As can be seen, terminating both ends results in a clean signal without overshoot, but with only roughly 13 MHz of bandwidth. The fastest rise time is achieved by avoiding loading the opamp, indicating that a low load impedance slows the opamp down very severely.

  • Are the BJT current sources fast enough to sink a constant 5 mA...

    Yes. The JFET buffers and their biasing current sources perform flawlessly when it comes to frequency response. The bandwidth is bottlenecked by the opamp choice.

  • Is the addition of an inductor between the source of each JFET and the collector of the corresponding BJT a reasonable way of ensuring a constant JFET drain current...

    It wasn't necessary, so I didn't try. No idea.

  • How sane is my PCB layout...

    I had no problems relating to the layout itself, but I absolutely should have designed the board with mounting to a shielded case in mind. Heat shrinking absolutely won't do, the very high impedance circuitry is very susceptible to all kinds of interference. Even moving my hand under the table the probe sits on affects measurements by capacitive coupling.

An unforeseen deficiency with my design is the inability to correct for output offset voltage. Turns out, JFETs are unique snowflakes: The Threshold voltage can vary by several hundreds of millivolts, even in transistors from the same batch. When I first built the probe, it output +600 mV with the probes shorted together. I unsoldered the JFETs, tested all that were in my parts box and soldered the two that best matched each other to the board. Now the offset is a smaller, but still significant +30mV. Future revisions should have a mechanism for compensating for this offset voltage with a trimmer pot.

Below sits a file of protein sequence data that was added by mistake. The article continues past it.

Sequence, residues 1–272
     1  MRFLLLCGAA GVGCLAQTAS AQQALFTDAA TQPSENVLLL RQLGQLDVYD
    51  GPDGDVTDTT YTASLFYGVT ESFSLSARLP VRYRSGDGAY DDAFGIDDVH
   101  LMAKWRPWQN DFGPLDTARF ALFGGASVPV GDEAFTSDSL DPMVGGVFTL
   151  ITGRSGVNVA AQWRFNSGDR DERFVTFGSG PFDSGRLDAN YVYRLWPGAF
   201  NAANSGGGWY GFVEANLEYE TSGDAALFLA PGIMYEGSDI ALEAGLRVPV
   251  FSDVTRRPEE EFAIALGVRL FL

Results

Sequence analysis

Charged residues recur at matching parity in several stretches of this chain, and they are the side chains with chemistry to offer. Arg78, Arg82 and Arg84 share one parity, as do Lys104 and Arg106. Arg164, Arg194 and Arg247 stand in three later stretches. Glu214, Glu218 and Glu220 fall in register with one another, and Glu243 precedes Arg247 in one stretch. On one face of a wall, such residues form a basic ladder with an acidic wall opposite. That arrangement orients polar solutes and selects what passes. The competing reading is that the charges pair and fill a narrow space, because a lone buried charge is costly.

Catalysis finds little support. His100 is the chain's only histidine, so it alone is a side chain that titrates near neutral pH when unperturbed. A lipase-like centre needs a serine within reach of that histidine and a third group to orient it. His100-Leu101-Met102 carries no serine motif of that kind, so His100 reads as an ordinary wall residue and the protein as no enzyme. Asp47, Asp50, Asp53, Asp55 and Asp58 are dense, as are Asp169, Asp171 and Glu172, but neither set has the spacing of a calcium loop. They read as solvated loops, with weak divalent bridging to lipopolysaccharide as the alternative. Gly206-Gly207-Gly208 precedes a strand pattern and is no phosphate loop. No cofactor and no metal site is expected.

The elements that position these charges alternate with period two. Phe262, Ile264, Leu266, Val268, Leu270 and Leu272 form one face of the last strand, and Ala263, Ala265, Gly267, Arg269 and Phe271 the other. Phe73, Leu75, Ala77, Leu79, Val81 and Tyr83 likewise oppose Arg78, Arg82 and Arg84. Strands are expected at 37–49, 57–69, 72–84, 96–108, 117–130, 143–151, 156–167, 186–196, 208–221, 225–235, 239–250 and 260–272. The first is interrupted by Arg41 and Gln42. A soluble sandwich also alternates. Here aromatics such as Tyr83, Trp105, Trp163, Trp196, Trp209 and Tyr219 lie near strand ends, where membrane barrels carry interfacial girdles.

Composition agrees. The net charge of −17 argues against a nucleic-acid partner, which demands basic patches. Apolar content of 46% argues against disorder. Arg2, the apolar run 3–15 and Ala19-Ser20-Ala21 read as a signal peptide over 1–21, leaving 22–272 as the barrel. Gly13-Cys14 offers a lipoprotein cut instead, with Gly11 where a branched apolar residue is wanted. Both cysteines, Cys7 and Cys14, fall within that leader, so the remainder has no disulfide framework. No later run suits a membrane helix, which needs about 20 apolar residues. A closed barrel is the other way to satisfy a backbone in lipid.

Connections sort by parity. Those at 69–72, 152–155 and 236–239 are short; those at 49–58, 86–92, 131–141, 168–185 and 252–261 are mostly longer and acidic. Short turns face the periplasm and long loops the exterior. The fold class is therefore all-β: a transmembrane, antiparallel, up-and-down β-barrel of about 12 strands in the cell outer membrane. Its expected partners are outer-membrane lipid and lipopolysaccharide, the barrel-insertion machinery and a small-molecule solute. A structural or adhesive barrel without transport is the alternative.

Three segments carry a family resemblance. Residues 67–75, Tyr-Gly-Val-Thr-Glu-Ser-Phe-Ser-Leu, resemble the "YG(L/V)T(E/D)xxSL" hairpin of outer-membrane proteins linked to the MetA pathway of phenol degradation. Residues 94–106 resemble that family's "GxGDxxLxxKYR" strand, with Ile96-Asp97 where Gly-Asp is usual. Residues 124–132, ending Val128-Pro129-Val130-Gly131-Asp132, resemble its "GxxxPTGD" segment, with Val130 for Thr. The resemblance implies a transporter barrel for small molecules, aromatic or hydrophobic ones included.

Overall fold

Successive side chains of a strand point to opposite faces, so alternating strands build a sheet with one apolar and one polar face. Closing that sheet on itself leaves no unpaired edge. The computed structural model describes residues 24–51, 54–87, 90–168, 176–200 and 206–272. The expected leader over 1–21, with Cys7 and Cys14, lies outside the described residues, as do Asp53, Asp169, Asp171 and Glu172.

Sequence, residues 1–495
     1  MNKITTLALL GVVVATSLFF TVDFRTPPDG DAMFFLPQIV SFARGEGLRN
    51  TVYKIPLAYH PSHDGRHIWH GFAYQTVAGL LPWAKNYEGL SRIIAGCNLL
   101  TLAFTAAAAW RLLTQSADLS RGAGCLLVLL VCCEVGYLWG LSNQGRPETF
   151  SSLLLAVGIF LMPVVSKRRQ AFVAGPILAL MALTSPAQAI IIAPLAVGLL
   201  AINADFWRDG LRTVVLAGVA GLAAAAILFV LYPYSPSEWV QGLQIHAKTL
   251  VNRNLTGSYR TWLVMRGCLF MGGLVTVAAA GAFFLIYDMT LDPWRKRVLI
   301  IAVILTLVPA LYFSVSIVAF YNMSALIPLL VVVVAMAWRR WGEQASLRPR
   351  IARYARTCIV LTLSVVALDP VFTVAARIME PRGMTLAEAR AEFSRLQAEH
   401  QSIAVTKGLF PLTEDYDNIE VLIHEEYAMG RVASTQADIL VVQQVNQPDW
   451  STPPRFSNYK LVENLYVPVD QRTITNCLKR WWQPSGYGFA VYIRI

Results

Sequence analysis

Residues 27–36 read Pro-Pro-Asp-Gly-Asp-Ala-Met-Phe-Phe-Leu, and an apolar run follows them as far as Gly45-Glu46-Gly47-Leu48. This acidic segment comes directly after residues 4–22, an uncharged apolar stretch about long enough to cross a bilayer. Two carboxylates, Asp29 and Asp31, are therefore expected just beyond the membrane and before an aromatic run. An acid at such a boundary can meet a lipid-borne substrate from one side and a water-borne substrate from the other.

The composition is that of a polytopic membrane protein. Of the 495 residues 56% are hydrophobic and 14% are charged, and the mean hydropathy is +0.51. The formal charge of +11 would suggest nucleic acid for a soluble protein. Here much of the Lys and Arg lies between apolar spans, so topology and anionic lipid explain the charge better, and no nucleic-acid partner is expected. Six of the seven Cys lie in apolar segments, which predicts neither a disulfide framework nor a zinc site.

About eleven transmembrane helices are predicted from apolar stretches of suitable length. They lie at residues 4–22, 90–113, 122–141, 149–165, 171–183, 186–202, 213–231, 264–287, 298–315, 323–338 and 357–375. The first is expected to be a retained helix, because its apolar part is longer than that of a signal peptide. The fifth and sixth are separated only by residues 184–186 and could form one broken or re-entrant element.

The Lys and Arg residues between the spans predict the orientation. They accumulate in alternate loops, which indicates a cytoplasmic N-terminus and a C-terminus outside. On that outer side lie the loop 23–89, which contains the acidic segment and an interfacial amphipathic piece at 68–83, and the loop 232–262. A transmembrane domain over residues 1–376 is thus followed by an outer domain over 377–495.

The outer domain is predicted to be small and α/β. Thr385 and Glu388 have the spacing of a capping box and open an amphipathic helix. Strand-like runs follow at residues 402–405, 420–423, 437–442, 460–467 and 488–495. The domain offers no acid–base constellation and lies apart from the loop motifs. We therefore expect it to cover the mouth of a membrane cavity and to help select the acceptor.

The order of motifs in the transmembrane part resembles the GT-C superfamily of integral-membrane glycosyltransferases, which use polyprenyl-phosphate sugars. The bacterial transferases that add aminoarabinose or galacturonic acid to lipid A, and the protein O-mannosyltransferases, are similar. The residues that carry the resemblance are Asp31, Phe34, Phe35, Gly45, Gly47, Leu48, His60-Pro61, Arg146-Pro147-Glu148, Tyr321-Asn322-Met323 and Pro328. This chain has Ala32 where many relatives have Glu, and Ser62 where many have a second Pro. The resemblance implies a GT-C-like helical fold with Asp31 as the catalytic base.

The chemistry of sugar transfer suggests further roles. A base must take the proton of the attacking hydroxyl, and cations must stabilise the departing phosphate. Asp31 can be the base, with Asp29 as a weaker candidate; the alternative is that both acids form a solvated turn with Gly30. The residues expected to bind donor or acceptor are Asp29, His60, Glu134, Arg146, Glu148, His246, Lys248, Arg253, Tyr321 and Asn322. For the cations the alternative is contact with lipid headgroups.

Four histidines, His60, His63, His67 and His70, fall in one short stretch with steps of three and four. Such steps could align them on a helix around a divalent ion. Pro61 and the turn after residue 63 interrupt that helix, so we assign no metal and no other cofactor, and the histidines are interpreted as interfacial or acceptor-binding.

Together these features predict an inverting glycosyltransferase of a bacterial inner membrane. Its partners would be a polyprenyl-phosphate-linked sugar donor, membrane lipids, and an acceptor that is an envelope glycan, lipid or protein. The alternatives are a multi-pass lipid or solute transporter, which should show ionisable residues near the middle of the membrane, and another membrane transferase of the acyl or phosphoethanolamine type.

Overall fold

Another problem is the input voltage range. Negative voltages are handled linearly down to -30 V and below, but positive voltages above +6 V (attenuated to +0.6 V) gradually induce more and more distortion. This is caused by the JFET source followers saturating as they hit the positive supply rail, exacerbated by the gate-drain threshold voltage of -2.1 V, which means that a 0 V input already causes a +2.1 V output.
The proper fix is to bias the attenuators to -2.1 V instead of ground.